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Wednesday, July 23, 2014

DWP chief to address concerns over Silver Lake water line construction

The head of the Department and Water Power will come to Silver Lake tonight to respond to complaints that the agency and its contractors have failed  to property shield residents from  a major water line construction that has disrupted the north end of the community. The  project, which has involved ripping up numerous streets on the north end of Silver Lake,  has become a contentious issue as many residents have grown worried about potential  health and environmental risks in addition to years of road closures and detours.  Tonight’s appearance by DWP General Manager Ron Nichols comes after numerous and often contentious meetings between agency officials and residents.

“After many months of serious issues that weren’t getting resolved … I felt a face-to-face with either the Board of Commissioners or Mr. Nichols was needed,” said  Jerome Courshon, who has focused attention on the project’s health and environmental concerns.

Nichols agreed to appear before the Silver Lake’s Neighborhood Council’s Reservoirs Complex Committee after Courshon asked Congressman Adam Schiff to get involved and set up a meeting with the DWP’s top leadership. “Upon receipt of Congressman Schiff’s letter, Mr. Nichols agreed to meet with us,” Courshon said.

Tonight’s meeting will begin at 7 p.m. at the Silver Lake Presbyterian Church, 2930 Hyperion Ave.

6 comments

  1. Jerry Malatesta

    How many people live near the construction, and how many claim they are getting sick? I would think the people in that area would be more concerned with and more sickened by the air coming off the 5 Fwy.

    • There are a good 150+ residents that live either at “ground zero” or within one block of the construction along Glendale/Rokeby. Now that construction has moved to the intersection of Glendale/Rowena, there’s another perhaps 200 that live within 2 blocks of there. And then there’s Ivanhoe School, where some parents have already expressed their kids are having more health issues than before — and this school has been only one long block from the past 7 months of construction on Rokeby.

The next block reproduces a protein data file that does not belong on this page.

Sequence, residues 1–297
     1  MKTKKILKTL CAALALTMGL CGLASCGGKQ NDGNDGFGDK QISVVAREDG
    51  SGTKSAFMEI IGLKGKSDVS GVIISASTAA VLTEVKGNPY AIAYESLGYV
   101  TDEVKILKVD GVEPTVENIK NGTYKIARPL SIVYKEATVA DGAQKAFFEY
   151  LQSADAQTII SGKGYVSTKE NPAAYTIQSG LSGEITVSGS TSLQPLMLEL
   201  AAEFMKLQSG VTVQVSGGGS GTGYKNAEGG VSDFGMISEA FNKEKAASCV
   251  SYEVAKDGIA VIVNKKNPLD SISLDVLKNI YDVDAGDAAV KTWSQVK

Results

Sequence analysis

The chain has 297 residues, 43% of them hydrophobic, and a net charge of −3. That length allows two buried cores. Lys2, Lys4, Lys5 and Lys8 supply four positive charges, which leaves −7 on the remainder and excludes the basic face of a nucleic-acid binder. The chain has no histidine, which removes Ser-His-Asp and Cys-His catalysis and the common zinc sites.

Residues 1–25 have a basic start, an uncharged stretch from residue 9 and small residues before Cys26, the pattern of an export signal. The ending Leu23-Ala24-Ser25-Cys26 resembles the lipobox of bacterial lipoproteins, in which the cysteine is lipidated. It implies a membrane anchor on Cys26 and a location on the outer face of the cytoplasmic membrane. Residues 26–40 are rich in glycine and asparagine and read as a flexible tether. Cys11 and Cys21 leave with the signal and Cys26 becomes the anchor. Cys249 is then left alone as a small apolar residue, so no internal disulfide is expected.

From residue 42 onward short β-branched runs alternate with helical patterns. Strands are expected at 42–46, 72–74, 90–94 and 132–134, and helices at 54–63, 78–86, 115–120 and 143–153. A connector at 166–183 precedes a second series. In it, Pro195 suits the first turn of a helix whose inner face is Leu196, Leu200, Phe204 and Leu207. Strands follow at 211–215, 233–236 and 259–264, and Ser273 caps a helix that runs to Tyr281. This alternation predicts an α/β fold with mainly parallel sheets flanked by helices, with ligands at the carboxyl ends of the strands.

And where most of us are is more than 1000 feet from the 5 freeway — past the “dropoff rate” of Particulate Matter from freeways.

      It’s not only about *now*, at this point. Thousands — tens of thousands — will potentially be impacted as this pipeline construction continues through Silver Lake, and eventually into Burbank & North Hollywood. You can read about the issues here:
      http://echopark.patch.com/topics/blog-series-dwps-new-pipeline-the-real-chinatown

  2. I’m just getting tired of the closures and the roads being torn up and barely fixed back up again. It also seems like nothing is ever moving very quickly with this construction. The intersection of Glendale and Riverside is still as torn up as ever, and that was just finished!

    • Don’t even get started on the decrepit condition of concrete streets like Griffith Park Blvd and Prospect Ave.

      Cal Trans can get the feds to pay billions for a couple extra lanes on the 405 but the everyday street conditions in LA stink.

      Are the pot hole fillers private contractors? I’m guessing they do a mediocre job on purpose so they can fill it again the next year.

  3. Let’s hope when it is all done they leave it as nicely as they did in Griffith Park where they repaved, planted a bunch of trees built some fencing and mulched. It looks really nice. After all this inconvenience, a little visual showing at the end of it that the DWP or their contractors left the area better than they found it (more than just the new pipes) would go a long way to recapturing neighborhood good will!

    • LOL, don’t count on it! No beautification is being done on the streets that are finished. Trees on Rokeby lost half their branches — the ones on the parkway overhanging the street. They look horrible now, but DWP and the contractor aren’t doing anything about it…

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